Torii MacAdams recently purchased a bunch of rap cassettes in southeast Dallas.
“Hauntingly beautiful” is a koan for lazy journalists and bloggers, used to describe music that’s ethereal, breathy, and melodious. It’s also a phrase never used in conjunction with chopped and screwed mixes, which can fulfill all the qualities of “hauntingly beautiful,” with an added dose of menace. DJ Screw’s late-night lean alchemy often transformed gangster rap to soul, the slowed down vocals deepening into, or beyond, Barry White territory. Delroy Edwards, ascendant dance music star and rap aficionado, has released a series of tapes, Slowed Down Funk, roughly as varied as the Screw canon. The series of free downloads (and cassette tapes for the less thrifty) runs the gamut from Kleer loops, to slowed down Memphis rapper 2 Low Key, to an interlude’s surprise inclusion of “Message in a Bottle.”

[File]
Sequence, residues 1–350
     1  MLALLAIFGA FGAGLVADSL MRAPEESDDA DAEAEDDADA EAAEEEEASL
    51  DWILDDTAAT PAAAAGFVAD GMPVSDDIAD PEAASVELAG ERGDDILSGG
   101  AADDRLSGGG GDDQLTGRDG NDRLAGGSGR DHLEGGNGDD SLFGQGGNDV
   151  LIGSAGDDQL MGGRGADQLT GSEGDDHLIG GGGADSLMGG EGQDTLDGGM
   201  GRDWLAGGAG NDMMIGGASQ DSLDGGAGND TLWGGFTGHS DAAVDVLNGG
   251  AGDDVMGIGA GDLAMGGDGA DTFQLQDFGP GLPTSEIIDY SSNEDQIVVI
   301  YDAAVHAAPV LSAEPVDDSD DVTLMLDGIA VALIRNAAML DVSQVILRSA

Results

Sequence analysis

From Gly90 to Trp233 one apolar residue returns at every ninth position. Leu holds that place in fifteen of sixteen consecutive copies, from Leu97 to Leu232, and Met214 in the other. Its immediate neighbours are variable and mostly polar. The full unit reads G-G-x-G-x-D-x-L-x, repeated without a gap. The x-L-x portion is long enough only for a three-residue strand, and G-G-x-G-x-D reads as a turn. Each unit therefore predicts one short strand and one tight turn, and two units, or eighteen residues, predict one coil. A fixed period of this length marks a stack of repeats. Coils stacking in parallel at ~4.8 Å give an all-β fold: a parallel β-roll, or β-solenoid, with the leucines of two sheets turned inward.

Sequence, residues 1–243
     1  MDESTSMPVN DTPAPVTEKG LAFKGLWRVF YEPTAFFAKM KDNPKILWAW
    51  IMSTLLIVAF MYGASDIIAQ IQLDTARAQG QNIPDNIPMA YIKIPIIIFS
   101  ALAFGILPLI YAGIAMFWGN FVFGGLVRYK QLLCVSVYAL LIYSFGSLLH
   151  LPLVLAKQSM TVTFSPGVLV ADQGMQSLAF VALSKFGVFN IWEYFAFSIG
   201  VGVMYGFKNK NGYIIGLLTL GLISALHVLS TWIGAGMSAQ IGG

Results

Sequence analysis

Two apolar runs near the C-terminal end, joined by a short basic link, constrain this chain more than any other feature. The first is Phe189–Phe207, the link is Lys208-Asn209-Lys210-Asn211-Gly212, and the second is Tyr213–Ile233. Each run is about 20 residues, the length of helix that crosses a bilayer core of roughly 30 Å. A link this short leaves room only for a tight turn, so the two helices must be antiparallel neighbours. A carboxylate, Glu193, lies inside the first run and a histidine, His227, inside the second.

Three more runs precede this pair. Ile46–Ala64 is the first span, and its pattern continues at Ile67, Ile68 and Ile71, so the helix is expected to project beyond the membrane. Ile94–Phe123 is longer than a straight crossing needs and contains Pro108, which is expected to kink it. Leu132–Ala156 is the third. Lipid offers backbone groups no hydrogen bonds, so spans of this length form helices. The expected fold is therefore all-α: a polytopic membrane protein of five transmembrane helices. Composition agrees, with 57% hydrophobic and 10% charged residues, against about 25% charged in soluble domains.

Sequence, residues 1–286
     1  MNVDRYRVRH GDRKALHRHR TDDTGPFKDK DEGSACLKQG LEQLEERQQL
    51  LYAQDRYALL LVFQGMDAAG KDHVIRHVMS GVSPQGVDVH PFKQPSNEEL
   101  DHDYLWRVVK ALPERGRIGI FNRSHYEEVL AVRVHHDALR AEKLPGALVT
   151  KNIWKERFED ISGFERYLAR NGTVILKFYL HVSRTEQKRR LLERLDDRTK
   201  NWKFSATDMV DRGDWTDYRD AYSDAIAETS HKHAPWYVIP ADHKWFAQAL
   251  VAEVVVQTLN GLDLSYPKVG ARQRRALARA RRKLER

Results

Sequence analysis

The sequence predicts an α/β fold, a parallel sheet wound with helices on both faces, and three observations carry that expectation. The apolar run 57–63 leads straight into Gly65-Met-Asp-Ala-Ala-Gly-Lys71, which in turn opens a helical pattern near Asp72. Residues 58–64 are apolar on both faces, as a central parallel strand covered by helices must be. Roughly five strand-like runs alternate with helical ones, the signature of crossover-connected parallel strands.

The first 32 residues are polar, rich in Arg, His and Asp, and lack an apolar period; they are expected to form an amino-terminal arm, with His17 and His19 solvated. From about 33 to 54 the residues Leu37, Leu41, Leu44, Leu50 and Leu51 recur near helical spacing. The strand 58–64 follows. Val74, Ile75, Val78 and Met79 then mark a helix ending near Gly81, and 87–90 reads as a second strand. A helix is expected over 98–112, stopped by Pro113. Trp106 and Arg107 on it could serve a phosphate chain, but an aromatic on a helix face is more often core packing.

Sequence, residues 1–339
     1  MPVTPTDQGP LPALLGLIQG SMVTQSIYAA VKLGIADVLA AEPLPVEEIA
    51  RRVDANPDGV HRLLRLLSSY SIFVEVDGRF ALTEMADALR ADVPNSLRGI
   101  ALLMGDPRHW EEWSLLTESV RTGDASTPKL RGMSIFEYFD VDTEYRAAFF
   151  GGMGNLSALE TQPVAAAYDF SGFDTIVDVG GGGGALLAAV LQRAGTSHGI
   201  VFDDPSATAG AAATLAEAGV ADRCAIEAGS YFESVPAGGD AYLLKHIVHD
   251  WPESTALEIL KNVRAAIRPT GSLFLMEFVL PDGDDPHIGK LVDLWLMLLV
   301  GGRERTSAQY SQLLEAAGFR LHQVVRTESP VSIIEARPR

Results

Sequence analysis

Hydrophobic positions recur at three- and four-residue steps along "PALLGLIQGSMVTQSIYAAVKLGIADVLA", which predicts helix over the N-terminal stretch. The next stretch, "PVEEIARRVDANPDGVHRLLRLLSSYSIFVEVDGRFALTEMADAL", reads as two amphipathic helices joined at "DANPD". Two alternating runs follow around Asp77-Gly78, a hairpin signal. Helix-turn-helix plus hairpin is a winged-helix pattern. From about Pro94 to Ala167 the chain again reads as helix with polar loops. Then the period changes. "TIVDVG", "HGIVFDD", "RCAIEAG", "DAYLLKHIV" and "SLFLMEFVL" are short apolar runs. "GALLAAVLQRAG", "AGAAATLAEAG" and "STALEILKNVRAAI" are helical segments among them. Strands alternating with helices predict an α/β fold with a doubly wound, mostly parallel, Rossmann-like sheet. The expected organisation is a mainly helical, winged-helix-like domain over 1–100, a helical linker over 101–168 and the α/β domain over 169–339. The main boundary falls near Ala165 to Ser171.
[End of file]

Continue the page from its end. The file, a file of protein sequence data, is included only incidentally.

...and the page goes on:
Despite the rap-ward emphasis of Slowed Down Funk, Edwards is best known for his dance releases through New York record label L.I.E.S., his “4 Club Use Only” 12” a particular star in the producer’s canon. His latest, Slowed Down Funk III: Pure Evil, is the first to explicitly credit him with individual songs, departures in varying degrees from his tracks for L.I.E.S. and self-owned L.A. Club Resource. Edwards has released industrial, shoegaze-y music and pounding techno, but he’s at his best when grooving. His compositions on Pure Evil are like 80’s R&B jams played through a dirt-filled boombox, full of heady, floating keyboard refrains and cassette reverb. I’d venture a guess that many, if not all, of the self-produced beats on Pure Evil were made with analog equipment, a smart choice when trying to capture the low-fi quality of Edwards’ Memphis and Houston inspiration. “Bump This” is a particular standout, the chunky bass and warped cowbells straight from an Orange Mound bedroom. Edwards may already be Mr. Big for avant-garde dance music fans, but unindoctrinated rap geeks will find lots to like with Slowed Down Funk.